Strauss-Kahn urges EU states to step up response to sovereign debt crisis


EUROPEAN FINANCE ministers gave their formal endorsement to Ireland’s EU-IMF rescue plan as IMF managing director Dominique Strauss-Kahn urged them to step up their response to sovereign debt crisis.

The rescue plan compels the Government to adopt a “fiscal responsibility law” to introduce a medium-term expenditure framework with “binding multi-annual ceilings on expenditure in each area” to support the recovery of the public finances.

The Government must also establish a “budgetary advisory council” to provide an independent assessment of its budgetary position and forecasts.

The agreement was amended yesterday in response to concerns raised by British chancellor George Osborne about Britain’s exposure to the operations of Irish banks in the North and Britain.

The change commits the European Commission, the European Central Bank and the IMF to “involve, as appropriate, member states” in the “design and implementation” of a new liquidity assessment of Ireland’s financial institutions.

As Minister for Finance Brian Lenihan unveiled a €6 billion budget package for 2011 in the Dáil, the bailout deal endorsed by his fellow ministers commits Ireland to adopting at least €3.6 billion in “consolidation” measures for 2012 including €1.5 billion in tax increases and €2.1 billion in cutbacks.

Mr Lenihan last night said he did not think “any further interventions are required in Ireland”. The “degree of disturbance” at European level requires “a European response”, he added.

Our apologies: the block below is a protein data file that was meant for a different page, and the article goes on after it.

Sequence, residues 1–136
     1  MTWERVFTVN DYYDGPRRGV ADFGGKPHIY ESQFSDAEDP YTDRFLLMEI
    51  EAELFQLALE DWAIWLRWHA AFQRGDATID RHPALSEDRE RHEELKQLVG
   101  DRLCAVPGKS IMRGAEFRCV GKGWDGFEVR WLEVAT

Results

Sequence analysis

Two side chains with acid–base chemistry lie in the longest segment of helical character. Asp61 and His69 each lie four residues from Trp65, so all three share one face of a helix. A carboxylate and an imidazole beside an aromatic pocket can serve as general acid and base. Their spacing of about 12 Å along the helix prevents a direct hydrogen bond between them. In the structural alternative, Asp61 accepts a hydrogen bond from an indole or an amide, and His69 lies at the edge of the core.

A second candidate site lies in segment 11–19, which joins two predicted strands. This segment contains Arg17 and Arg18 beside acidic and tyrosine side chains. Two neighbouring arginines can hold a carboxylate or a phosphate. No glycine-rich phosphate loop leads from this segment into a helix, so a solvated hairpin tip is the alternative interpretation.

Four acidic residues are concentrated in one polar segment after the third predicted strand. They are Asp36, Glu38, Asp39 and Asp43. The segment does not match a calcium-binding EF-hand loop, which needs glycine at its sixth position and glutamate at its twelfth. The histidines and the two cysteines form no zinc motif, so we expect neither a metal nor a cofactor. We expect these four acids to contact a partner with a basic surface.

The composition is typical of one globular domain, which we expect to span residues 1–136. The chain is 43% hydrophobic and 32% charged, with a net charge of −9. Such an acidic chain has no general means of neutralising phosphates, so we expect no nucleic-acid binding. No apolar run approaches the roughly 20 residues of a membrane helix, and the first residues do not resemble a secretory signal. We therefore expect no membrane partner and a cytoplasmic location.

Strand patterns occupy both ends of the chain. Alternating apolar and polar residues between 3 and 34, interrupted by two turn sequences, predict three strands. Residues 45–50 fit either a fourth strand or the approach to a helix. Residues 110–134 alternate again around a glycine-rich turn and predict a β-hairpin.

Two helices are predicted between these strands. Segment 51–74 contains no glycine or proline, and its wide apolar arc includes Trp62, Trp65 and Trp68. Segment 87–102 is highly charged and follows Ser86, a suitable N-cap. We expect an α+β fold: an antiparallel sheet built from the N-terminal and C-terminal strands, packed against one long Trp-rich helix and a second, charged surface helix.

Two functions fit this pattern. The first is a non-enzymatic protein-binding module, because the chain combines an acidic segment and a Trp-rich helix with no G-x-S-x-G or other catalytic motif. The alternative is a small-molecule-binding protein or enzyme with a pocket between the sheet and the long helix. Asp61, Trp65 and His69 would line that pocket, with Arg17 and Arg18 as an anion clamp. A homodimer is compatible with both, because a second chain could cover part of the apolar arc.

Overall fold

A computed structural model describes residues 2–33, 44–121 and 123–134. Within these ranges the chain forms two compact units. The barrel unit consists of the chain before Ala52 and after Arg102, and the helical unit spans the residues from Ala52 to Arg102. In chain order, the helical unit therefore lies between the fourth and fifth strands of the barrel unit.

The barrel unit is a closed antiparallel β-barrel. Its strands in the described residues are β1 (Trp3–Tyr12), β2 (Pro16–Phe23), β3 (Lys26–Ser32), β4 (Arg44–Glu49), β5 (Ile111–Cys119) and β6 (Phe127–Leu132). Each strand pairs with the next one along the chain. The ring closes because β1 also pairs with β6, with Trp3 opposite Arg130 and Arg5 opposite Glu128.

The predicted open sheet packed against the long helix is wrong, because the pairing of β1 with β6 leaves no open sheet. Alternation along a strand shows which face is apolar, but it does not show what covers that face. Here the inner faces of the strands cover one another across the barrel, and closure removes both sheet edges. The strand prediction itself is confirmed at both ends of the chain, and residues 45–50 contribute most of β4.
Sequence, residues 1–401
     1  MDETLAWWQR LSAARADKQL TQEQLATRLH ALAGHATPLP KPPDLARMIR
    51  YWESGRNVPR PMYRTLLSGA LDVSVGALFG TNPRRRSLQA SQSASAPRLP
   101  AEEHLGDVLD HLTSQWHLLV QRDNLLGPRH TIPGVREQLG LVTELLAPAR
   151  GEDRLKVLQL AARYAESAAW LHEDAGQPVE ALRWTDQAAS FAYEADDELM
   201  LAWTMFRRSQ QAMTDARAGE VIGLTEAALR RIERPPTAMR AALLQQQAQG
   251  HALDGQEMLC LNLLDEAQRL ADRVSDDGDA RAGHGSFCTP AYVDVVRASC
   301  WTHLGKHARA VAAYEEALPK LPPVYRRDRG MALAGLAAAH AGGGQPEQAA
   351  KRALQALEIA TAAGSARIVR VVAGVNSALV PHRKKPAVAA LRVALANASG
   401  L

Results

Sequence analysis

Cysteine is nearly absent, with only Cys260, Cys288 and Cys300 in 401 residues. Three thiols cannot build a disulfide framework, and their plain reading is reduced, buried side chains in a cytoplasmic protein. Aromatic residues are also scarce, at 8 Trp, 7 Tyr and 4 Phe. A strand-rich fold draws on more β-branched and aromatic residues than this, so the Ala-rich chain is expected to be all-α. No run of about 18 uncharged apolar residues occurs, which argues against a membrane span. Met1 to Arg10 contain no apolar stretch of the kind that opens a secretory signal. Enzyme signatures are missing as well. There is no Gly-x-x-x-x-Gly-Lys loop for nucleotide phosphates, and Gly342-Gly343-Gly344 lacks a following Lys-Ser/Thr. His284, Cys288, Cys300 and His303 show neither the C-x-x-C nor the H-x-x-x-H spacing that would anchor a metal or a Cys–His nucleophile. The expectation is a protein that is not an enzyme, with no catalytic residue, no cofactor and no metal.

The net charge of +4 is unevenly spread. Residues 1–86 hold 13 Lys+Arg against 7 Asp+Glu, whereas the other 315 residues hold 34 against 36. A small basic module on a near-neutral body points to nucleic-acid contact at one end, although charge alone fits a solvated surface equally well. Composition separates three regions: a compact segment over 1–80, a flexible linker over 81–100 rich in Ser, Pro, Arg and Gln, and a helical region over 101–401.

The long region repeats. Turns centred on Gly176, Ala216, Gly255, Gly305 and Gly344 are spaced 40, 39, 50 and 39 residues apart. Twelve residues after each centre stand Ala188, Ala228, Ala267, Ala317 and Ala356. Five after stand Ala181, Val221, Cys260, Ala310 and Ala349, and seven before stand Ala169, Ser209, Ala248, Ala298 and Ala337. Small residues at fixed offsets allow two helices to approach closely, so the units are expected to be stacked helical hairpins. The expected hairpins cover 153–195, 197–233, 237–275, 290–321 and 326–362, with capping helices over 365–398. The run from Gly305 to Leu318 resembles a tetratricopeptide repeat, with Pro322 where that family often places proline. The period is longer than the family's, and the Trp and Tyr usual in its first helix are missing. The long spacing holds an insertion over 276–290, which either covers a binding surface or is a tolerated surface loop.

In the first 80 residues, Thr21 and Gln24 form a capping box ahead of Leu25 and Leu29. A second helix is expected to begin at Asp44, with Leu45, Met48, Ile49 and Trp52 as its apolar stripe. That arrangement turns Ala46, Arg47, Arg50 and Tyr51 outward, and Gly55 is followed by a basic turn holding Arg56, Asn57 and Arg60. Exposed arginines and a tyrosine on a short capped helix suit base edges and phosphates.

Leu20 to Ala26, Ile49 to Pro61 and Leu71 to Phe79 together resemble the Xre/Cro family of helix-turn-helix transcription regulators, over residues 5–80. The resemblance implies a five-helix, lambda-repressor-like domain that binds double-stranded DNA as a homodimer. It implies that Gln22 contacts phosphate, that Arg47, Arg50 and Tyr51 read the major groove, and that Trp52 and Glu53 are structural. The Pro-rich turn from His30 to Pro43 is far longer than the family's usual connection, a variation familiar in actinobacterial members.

The agreement approved yesterday by EU ministers said Ireland “should adopt implement the fiscal rule that any unplanned revenues in 2011-2015 will be allocated to deficit and debt reduction”.

“Ireland shall adopt and implement additional consolidation measures to ensure macro-financial stability, in case such measures will be necessary during the assistance programme.

“The Irish authorities shall consult the commission in advance of the adoption of any such additional measures.”

The agreement, which summarises the terms of the four-year plan and Ireland’s memorandum of understanding with the European Commission and the IMF, confirms that the budget deficit must be brought below 3 per cent in 2015.

Reflecting lower growth prospects due to the increase in budget austerity measures, this is one year later than previously agreed by EU ministers.

The deal compels the Government to start charging for water services in 2012/2013. Legislation must also be passed to increase the pension age to 66 in 2014, 67 in 2021 and 68 in 2028 while pension entitlements for new entrants to the public service must be reformed with effect from next year.

“The commission shall verify at regular intervals the economic policy conditions attached to the assistance are fulfilled,” the documents state.

“To this end, the Irish authorities shall place all the necessary information at the disposal of the commission and co-operate in full with the latter.” After Mr Strauss-Kahn urged euro finance ministers at a meeting on Monday night in Brussels to enlarge their €750 billion bailout fund, he said in Athens yesterday that the “piecemeal” approach to the crisis was not a good one.

“The euro zone has to provide a comprehensive solution to this problem,” he said after a meeting with Greek prime minister George Papandreou.

Although diplomatic sources said Mr Strauss-Kahn had made clear his dissatisfaction with the response of the EU authorities on Monday night, European Council president Herman Van Rompuy later told reporters that there was “no problem” with the size of the existing bailout fund.

“There is no need to increase the means available for the facility. It is no problem at all. If needed we will consider, but that is not a question today,” he said.

Germany and the Netherlands oppose any increase in the fund but diplomatic sources say the question is now on the table.

Any immediate aid for Portugal or Spain was ruled out yesterday.